Lorne is a popular tourist resort on the shores of Bass Strait, situated 140 kilometres south west of Melbourne on the Great Ocean Road. The township is nestled between the Angahook-Lorne Park and Loutit Bay.
The Kolahngat (Volijon) Aborigines are thought to have occupied the area before European settlement.
Originally the area was given the name Loutit or Loutit Bay after Captain Loutit who called there while on a voyage to London in 1841, with reportedly the first consignment of wool from Geelong.
In 1869 (although some records have 1871), the name of the township was changed to Lorne. Some say that it was named after the Marquis of Lorne, while others say that it was named after the town in Argyllshire, Scotland. The bay however, on which Lorne stands, retained the name, Loutit Bay.
Elizabeth Parsons visited Lorne over the Christmas, New Year period of 1879-80, and there produced a number of oils and watercolours, depicting Lorne and Loutit Bay. Among the works she produced were a watercolour of 'Lorne Jetty', painted in 1879, and another watercolour 'View Across Loutit Bay', painted in 1880 which depicts very much the same view as her oil 'Loutit Bay', painted in 1879 and reproduced here.
Elizabeth Parsons probably ventured to Lorne on the Cobb & Co. coach service that had recently been established to this area of the coast, to meet the demand from Lorne's increasing popularity as a health and holiday resort for tourists. A Lorne correspondent to the Geelong Advertiser in 1877 noted that 'even at far-away Lorne, the arrival of three thousand visitors was anticipated during the season of 1877'.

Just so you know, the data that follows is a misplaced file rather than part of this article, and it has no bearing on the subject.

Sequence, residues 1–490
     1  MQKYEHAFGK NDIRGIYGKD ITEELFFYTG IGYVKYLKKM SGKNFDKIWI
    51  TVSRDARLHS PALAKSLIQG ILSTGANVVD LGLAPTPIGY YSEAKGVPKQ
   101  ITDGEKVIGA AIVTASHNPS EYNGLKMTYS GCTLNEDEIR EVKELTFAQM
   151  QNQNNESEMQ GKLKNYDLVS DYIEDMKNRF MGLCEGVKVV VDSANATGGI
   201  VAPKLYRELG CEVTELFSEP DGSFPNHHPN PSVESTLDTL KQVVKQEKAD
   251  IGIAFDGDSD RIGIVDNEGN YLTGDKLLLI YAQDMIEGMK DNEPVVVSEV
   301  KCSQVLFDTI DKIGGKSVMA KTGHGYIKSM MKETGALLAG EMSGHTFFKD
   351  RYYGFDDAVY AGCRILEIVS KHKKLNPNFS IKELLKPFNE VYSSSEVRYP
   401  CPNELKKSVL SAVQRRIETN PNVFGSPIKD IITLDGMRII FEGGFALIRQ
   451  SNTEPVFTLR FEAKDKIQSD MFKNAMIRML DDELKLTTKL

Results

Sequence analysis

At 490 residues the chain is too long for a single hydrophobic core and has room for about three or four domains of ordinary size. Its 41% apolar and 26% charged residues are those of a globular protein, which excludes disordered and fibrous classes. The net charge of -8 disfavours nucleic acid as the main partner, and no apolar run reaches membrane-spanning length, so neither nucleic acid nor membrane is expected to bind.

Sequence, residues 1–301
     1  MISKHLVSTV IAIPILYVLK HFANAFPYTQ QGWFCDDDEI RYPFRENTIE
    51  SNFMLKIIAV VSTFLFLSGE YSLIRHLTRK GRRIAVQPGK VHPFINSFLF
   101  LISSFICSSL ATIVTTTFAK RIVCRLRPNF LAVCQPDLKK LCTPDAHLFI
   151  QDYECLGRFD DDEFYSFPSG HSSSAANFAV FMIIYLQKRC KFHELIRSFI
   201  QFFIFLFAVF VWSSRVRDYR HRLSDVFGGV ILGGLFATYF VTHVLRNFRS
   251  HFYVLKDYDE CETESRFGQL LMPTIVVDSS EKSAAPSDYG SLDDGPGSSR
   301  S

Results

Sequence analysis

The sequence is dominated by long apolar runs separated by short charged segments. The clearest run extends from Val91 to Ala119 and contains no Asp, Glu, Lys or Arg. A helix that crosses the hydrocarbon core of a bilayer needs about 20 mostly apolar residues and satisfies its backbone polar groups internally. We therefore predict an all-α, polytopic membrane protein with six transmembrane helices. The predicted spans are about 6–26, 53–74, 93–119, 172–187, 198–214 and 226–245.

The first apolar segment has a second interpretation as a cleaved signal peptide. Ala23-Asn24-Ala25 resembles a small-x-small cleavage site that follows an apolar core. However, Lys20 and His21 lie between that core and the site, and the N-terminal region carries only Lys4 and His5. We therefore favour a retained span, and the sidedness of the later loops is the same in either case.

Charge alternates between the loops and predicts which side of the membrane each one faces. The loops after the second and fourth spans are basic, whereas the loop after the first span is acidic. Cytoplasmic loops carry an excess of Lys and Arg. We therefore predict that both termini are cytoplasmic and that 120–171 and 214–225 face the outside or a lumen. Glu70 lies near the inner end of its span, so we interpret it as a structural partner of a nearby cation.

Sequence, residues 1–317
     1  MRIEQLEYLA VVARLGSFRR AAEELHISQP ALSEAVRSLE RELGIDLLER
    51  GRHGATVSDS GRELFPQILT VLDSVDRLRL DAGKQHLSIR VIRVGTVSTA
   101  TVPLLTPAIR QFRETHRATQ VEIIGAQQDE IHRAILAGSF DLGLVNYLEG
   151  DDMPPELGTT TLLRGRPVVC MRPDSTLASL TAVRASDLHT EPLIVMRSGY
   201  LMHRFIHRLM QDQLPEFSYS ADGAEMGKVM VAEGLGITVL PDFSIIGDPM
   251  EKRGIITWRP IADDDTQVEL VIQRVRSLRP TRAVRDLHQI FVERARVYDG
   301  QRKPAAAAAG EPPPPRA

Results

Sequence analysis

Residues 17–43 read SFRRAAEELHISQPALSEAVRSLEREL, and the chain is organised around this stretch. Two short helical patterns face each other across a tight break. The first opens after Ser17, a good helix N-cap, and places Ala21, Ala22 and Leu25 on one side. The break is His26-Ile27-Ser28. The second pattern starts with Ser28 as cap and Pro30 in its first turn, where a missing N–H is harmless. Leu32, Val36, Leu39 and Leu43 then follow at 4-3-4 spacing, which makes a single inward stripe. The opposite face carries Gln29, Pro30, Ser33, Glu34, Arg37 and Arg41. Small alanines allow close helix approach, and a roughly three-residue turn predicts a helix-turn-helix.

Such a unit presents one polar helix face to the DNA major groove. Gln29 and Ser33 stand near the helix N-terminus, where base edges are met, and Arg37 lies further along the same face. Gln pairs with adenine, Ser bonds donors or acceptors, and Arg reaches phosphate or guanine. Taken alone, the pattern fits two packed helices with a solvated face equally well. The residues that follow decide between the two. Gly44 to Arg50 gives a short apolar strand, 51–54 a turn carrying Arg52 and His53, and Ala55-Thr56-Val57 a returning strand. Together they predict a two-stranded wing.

In this work of 'Loutit Bay', Elizabeth Parsons provides with a view across Loutit Bay and a view of the small, but growing township of Lorne The view is from a vantage point a little to the west of the southern end of Loutit Bay, looking towards the north. In the foreground, the stockmen on their horses are moving cattle along an old bush track that winds its way between the township of Lorne and the beach. Today, the Great Ocean Road follows much the same track, as it hugs the coastline, winding its way south west, towards Wye River. Wye River derived its name from the Welsh word 'wye' meaning 'water'.
Since the time that Elizabeth Parsons visited Lorne, many artists have been attracted to the beauty of this area. Among these artists were Ernest Buckmaster and Arthur Streeton who visited and painted Lorne in the 1920's.
Arthur Streeton was known to have produced at least five works of Lorne, and these include 'The Rocks', 'Blue Ocean, Lorne' and 'Lorne and the Bay'.
'Lorne and the Bay', was painted in 1921, and is a view of the township of Lorne, Loutit Bay and beyond towards Point Grey, from a high vantage point north of the town. This work was offered for auction through Christie's Australia. Australian and International Paintings, Melbourne 27 & 28 November 2000, Lot no.49.
Elizabeth Parsons also produced watercolours of other areas of the Victorian coast, and these included a work of 'Ricketts Point' and another of 'The Pier, Mornington', both painted in 1884.
A more detailed entry on the life and works of Elizabeth Parsons can be located under the 'Artists of the Heidelberg School' on this Internet site.
Further information on Lorne can be located on this site with the entry for the prints of the wood engravings of Lorne, under 'Sketches at Lorne, Victoria, 1890'.
Arthur Streeton - Above Us The Great Grave Sky, 1890
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